By Marie Hermanson

Those of you that come to Himmelstal aren’t actually ill. You are just tired, in need of a rest, perhaps you’ve hit rock bottom. But here we look after you in the best possible way. You will have the opportunity to inhale fresh mountain air. You will be served delicious food, and even a glass of wine if you like. The doctors are here for you, not the other way around.

Daniel, who arrives in Himmelstal to visit his twin brother Max, has no trouble accepting when Max asks him to swap places in order for him to take care of business. Max’s girlfriend has been threatened by a gang of unscrupulous mobsters and all he needs is a couple of days in the world outside to settle his debt. But Max doesn’t come back and Daniel soon realises that Himmelstal, despite all its fresh air, is a lot sicker than he could ever have imagined.

First published by Albert Bonniers Förlag, Sweden, 2011
387 pages

Czech Republic, Dobrovsky
Finland, Like
France, Actes Sud
Germany, Suhrkamp
Italy, Guanda
Korea, Balgunsesang
The Netherlands, De Geus
Poland, Wydawnictwo Amber
Russia, Arkadia
Serbia, Vulkan
Spain, Siruela
Sweden, Albert Bonniers förlag
Sweden, Elib AB
USA, Grand Central
UK, Little Brown

Sweden, Yellowbird

Alfred Hitchcock meets the cult TV series “The Prisoner”in Swedish author Hermanson’s twisted thriller. (…) Hermanson makes the most of this intriguing concept, and the secret Himmelstal hides will surprise most readers.
Publishers Weekly, Starred review

The ideal reading of a Marie Hermanson novel would be to stop twenty pages before the end. It would probably make the author angry, but I’m completely serious. It concerns the genre: a genre that veers toward, but rarely turns into, pure mystification. All that is written is almost believable; these are novels that are set in a borderland, filled with enigmatic signs and traces. One suspects the answers, but receives evasive information. The suspense that builds up has nothing to do with the systematic drama of the crime novel and there is no superior authority like police officers or investigators. A novel such as this causes extremely active readers to work like ferrets to find the solution. And there is no explanation that can measure up to what the reader has in mind. To some extent, this type of suspense is reminiscent of sophisticated horror movies / … / The claustrophobic atmosphere is perfect and the suspense is of the kind that should not be resolved / … / I wish there was a way to stay in the suspenseful state. It’s simply exquisite.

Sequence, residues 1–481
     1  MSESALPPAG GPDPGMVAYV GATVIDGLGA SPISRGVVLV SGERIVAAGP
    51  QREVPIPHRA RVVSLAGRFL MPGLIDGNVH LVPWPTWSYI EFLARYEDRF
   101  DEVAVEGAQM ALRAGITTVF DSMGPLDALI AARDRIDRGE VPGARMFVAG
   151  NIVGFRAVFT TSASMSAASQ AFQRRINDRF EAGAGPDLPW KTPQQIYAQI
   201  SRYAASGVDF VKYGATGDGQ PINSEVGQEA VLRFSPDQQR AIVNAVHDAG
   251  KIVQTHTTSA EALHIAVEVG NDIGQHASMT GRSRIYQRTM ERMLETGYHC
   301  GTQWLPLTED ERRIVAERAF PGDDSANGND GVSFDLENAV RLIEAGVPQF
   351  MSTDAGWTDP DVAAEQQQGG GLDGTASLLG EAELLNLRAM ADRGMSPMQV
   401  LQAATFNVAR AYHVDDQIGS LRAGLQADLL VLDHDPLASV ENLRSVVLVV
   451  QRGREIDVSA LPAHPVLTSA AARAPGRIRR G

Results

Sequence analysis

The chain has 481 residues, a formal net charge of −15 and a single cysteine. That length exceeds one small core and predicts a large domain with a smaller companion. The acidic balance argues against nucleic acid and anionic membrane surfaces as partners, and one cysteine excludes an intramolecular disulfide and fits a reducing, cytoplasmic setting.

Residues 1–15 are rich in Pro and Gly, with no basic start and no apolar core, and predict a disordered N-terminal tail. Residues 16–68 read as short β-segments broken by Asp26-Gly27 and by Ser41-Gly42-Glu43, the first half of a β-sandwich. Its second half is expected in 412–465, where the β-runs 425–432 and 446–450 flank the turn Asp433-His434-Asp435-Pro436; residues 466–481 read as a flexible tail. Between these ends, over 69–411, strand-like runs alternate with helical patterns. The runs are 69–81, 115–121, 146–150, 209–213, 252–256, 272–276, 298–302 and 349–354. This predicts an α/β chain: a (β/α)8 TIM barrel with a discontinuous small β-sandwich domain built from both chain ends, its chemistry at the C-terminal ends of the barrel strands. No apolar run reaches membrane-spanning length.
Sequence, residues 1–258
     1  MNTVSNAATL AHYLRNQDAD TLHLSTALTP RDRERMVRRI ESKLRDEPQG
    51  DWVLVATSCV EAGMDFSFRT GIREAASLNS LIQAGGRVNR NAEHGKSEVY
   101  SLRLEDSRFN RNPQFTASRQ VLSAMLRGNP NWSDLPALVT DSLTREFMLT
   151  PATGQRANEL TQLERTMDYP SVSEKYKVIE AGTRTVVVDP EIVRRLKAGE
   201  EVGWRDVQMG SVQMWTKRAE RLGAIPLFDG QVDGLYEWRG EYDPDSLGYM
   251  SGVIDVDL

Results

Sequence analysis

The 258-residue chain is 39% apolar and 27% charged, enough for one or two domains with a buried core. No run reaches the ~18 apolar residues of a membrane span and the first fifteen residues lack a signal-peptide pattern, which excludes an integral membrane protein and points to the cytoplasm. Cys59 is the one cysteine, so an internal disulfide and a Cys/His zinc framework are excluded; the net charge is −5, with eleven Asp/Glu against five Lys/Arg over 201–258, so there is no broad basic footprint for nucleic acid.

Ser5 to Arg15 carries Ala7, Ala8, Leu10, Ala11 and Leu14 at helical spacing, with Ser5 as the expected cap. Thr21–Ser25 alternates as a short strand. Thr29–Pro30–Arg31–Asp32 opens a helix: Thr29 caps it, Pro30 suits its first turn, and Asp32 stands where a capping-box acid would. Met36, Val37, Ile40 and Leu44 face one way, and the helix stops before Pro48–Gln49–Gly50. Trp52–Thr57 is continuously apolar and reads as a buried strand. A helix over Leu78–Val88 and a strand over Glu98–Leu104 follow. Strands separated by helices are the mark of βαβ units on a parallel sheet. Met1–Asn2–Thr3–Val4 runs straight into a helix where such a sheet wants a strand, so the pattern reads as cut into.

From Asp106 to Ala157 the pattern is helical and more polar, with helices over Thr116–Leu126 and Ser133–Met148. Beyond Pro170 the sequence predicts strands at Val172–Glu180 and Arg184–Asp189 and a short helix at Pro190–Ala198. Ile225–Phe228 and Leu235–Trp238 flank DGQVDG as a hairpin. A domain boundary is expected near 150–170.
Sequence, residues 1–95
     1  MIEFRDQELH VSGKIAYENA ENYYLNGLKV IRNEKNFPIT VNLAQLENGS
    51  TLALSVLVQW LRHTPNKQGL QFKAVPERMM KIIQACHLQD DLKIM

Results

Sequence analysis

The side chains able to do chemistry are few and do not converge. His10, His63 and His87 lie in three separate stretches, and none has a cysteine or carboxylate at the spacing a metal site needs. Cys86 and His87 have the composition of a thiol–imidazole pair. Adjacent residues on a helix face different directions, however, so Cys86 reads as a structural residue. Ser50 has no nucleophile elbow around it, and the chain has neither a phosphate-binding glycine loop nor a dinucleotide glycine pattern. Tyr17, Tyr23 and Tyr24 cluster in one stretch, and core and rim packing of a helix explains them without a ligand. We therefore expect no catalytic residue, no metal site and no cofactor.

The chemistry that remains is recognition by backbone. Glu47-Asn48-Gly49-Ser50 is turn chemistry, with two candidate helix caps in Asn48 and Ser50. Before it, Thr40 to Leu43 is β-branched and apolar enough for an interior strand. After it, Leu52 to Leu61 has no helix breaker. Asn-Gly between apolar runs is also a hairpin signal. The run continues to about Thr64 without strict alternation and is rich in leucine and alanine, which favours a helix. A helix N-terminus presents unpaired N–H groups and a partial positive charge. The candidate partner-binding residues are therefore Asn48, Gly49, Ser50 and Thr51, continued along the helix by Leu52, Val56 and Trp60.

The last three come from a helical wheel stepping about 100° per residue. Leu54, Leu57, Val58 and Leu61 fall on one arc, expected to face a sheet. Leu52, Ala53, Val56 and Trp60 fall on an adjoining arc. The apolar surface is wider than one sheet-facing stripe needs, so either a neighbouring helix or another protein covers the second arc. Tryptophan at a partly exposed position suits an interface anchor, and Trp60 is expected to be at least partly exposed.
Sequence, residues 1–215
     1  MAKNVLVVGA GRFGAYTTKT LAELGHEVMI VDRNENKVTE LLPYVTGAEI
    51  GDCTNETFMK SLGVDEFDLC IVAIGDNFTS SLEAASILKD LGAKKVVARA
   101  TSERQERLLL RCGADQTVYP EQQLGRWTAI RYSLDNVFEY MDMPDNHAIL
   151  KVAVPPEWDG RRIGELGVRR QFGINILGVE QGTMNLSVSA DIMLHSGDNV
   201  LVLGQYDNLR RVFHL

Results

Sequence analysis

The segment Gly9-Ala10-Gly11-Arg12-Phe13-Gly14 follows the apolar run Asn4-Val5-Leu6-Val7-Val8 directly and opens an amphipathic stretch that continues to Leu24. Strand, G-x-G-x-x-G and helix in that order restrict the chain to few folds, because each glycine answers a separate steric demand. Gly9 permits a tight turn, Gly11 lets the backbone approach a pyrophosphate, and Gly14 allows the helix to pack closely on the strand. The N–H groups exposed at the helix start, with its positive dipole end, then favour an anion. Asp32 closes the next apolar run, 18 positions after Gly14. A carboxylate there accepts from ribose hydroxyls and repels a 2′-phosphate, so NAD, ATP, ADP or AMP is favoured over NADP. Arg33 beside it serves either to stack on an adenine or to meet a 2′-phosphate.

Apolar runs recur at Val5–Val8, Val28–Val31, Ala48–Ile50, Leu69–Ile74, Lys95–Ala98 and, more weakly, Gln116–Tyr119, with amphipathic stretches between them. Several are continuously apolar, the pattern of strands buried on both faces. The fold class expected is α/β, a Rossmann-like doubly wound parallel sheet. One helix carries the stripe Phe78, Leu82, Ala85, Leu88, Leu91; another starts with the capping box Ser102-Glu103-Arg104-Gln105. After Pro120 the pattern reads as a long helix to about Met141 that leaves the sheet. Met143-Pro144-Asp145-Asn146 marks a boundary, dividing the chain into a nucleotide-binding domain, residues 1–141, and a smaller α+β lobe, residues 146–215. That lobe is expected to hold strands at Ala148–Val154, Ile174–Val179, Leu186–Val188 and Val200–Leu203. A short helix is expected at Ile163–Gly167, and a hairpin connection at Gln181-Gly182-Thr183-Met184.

Marie Petersen, Tidningen Vi

With very small means, Hermanson builds up a tension that appears increasingly Kafkaesque and claustrophobic / … / Himmelsdalen shapes up to be a contemporary gothic horror, with characters straight from the totalitarian wax cabinet and with an unexpected lunatic running the show / … / a chilling pageturner.
Gunder Andersson, Aftonbladet

She knows better than most how to combine the thought-provoking with the suspenseful / … / To view Marie Hermanson’s authorship as a homogenous project might not be possible. But those who have followed her through the years can still feel at home. The questions are the big, vital ones, even if the tone is unobtrusive and the approach to the subject obstinate. “Himmelsdalen” is both important and entertaining.
Viktor Björklund, Gefle Dagblad

“Himmelsdalen” is Marie Hermanson’s most voluminous book so far, close to 400 pages. It is extremely well-written with a skilfully structured plot, solid characters and vivid settings / … / Marie Hermanson raises questions, turns them into fiction and allows the readers to take their stand, take their responsibility.
Johan Werkmäster, Göteborgs-Posten

Hermanson’s energetic narrative grabs hold of the readers and drags them through the story.
Johanna Gredfors Ottesen, Helsingborgs Dagblad

On one level, Hermanson wants to discuss the healthy and the unhealthy, legacy and environment and abuse of power. That’s okay. But the narrative joy lies in the international psychiatrist and politician conspiracy with science-fiction features such as a micro chip in the brain – as well as in the construction itself where the reader discovers familiar bricks, one after another. A few references are obvious, but most of them are revealed to the reader afterwards. Such as the baddie’s similarities with James Bond’s arch enemy Blofeld as well as the presence of poisoning and a white Persian cat. It’s neat. “Himmelsdalen” actually leaves one slightly bewitched in a Hitchcockian way.
Nina Lekander, SR Kulturnytt

… a well-executed suspense novel / … / If you enjoy high quality suspense literature you should definitely read “Himmelsdalen” …
Jonas Thente, Dagens Nyheter

I’m hooked already from the first page. The atmosphere that builds is hard to resist. Even when I have finished the book the sinister mood lingers.